Transportation of goods
The road network is very dense and relatively modern, but out of the 45,000 km of existing roads, only 17,000 km of interurban ways can be considered as being in good condition. 90% of the internal transport of goods is made by road. The Government launched a programme of construction for new highways financed by the private sector in exchange of concessions of exploitation for 99 years.
The Egyptian railroad network, with its 5,500 km of railroad (935 km of double ways), is the oldest in the region. This requires important investments for its improvement and modernisation, particularly in order to be able to face containers transport from Egyptian ports up to inland Africa. The railway transport presently amounts to 7% of the internal traffic of goods.
The main Mediterranean port is Alexandria; a third of the Egyptian international trade goes through it. The other ports in ascending order, are Port Saïd, Suez and Damietta. At El Dikkeila, near Alexandria, there is a mining port. It is necessary to highlight that with the Nile and all the various canals, Egypt has 3,100 km of internal waterways.
The Suez Canal: 173 km long, connects the Red Sea to the Mediterranean Sea. About 17,500 boats pass through it every year, what offers important income for the country. Tankers represent only 25 % of the traffic. Important works are in progress to increase the depth of the canal to be able to let the most modern tankers pass through it.
Oil pipelines: the Suez-Méditerranée oil pipeline (SUMED), operational since 1977, constitutes an important alternative for the transport of petroleum between the Mediterranean Sea and the Red Sea. It is the property of Egypt, Kuwait, Abu Dhabi, Saudi Arabia and Qatar. Furthermore there is a dense network of oil and gas pipelines for the internal transport and the distribution meant for domestic consumption.
Egypt is an important air centre in the region and the air connections serving Cairo are numerous. Égyptair, member of Arab Air Carriers Organisation, is the second airline of the region. There are airports in the main tourist centres and populated areas.
The international airports are: Cairo, Alexandria, Luxor, Port Saïd, Hurghada and Sharm El-Sheik.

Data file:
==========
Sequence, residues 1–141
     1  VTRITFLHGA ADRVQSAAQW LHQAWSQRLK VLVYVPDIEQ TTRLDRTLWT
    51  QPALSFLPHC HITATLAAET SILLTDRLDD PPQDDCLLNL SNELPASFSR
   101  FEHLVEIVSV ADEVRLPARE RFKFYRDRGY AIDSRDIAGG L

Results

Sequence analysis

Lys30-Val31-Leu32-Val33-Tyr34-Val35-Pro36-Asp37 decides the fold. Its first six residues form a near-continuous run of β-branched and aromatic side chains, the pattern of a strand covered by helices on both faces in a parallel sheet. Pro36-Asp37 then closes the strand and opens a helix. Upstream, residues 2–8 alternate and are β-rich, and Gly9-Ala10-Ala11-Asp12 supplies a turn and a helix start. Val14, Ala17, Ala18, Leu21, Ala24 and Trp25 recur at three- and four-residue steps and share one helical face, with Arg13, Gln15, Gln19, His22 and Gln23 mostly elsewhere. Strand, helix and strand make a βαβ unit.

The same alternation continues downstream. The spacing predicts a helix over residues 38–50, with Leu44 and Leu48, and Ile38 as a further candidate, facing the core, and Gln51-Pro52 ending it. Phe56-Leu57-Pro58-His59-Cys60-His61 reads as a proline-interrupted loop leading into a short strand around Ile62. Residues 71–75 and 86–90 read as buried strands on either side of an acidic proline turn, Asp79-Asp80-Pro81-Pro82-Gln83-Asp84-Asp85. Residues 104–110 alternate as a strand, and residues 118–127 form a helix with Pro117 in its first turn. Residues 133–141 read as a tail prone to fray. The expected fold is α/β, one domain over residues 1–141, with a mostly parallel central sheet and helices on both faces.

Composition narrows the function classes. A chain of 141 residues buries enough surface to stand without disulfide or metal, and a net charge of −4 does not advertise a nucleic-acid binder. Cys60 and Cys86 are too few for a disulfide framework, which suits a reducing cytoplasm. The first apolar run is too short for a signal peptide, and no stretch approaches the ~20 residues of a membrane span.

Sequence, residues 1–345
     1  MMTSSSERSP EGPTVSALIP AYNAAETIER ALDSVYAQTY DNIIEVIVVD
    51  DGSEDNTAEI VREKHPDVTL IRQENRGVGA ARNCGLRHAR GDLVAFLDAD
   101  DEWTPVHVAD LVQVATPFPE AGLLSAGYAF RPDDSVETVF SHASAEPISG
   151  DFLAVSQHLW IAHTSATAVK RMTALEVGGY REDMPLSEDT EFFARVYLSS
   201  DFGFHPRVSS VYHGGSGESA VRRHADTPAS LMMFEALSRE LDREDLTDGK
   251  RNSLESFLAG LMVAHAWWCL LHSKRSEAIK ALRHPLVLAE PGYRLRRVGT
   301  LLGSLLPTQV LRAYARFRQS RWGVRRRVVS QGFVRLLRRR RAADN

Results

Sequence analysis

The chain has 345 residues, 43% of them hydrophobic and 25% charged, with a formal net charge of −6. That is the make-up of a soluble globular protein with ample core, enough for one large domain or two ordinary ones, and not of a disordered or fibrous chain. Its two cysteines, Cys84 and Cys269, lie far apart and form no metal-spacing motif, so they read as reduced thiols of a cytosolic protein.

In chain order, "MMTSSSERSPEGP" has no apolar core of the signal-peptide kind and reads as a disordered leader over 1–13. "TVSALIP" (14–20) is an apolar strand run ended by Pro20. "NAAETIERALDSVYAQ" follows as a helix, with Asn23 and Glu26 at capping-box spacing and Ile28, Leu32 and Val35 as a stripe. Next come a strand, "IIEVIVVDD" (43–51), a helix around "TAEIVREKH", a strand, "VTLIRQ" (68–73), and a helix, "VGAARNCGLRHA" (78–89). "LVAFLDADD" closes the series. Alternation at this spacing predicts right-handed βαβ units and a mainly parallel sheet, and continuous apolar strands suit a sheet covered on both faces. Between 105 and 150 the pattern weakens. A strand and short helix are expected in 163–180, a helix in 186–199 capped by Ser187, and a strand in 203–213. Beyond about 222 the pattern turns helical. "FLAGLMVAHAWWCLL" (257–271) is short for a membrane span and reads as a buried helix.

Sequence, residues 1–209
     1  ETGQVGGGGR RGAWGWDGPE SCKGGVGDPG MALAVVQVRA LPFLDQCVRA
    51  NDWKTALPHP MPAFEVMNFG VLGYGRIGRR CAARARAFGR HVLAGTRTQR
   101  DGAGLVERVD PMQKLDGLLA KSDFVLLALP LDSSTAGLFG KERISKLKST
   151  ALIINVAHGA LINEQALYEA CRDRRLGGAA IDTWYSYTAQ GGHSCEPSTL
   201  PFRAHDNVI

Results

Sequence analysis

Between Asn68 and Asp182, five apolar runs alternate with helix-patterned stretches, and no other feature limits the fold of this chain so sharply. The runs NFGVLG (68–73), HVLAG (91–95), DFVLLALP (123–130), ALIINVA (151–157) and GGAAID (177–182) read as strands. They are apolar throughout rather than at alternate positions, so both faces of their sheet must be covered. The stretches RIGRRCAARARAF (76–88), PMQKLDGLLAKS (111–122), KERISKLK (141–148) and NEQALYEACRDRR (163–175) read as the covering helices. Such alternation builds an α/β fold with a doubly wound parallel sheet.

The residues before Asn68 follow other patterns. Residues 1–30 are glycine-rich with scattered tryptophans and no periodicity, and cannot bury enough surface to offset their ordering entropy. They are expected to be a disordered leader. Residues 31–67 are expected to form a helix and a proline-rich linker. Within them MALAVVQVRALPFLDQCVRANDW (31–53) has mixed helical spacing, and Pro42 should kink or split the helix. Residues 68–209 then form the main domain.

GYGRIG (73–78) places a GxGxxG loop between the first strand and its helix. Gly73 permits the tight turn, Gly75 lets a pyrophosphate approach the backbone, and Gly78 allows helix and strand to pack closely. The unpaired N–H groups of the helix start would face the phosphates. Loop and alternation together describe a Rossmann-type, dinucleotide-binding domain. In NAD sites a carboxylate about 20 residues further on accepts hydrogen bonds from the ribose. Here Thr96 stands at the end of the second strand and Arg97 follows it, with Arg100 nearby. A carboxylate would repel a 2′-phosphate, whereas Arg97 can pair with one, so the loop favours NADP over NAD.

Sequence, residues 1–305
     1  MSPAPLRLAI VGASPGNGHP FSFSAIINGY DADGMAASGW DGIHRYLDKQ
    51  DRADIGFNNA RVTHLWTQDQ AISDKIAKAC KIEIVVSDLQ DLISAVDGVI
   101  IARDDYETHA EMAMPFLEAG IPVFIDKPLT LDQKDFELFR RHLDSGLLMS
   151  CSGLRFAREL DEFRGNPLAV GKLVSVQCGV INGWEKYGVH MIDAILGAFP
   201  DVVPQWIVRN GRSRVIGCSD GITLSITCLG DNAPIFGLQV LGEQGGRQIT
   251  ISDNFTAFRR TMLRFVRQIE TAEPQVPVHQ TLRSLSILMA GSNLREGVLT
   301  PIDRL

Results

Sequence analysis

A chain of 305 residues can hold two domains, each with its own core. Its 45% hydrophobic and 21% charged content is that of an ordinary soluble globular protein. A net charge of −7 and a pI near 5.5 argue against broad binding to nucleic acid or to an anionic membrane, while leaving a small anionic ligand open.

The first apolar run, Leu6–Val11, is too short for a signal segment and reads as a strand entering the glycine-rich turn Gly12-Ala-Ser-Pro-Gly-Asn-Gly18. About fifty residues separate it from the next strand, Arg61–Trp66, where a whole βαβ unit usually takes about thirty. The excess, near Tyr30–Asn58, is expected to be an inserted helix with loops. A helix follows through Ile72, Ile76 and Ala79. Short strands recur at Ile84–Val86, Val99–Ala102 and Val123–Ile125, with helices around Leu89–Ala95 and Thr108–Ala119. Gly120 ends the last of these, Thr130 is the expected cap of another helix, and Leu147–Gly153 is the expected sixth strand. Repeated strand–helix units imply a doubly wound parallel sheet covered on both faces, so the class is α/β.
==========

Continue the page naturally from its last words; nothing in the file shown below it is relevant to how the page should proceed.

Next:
Egypt does not recognise any organisation of International certification. Egyptian Organisation for Standardisation and Quality Control (GAEIC) established a list of products which are subject to quality controls. This requirement affects about 25% of the imports. The controls of quality and labelling are of an excessive frequency and respond in practice to measures of hidden protectionism.
Besides the GAEIC, which takes charge of guaranteeing the imports according to the Egyptian standards, two other public bodies have competence in this domain: The Egyptian Organisation for Standardisation and Quality Control (EOS), responsible for defining the national standards, and Industrial Control Authority (ICA), responsible for defining the national standards for the industry.
Patents and brands
The body responsible for Industrial property is the Academy of Scientific Research and Technology (ASRT) in Cairo.
Egypt adheres to the Agreement which establishes the World Intellectual Property Organization and is a member country of the Agreement of Paris for the Protection of Industrial Property. In terms of trademarks, the country is a member of the Madrid Convention on the International Register of trademarks and the Hague Convention on the International Deposit of trademarks and Industrial Designs. For patents, Egypt signed the Convention on International Classification of Patents (Classification IPC).
It is possible to obtain licences for the use of patents and trademarks, but the agreements which allow the use of patents for payments outside borders should be authorised by the General Authority for Investment (GAFI).
Texts currently applying to patents/brands
||Date entered into law
||Period of validity
15 years with possibility of further continuation for 5 years in some cases
Initial period of 10 years renewable
Last modified in
2006 - ongoing update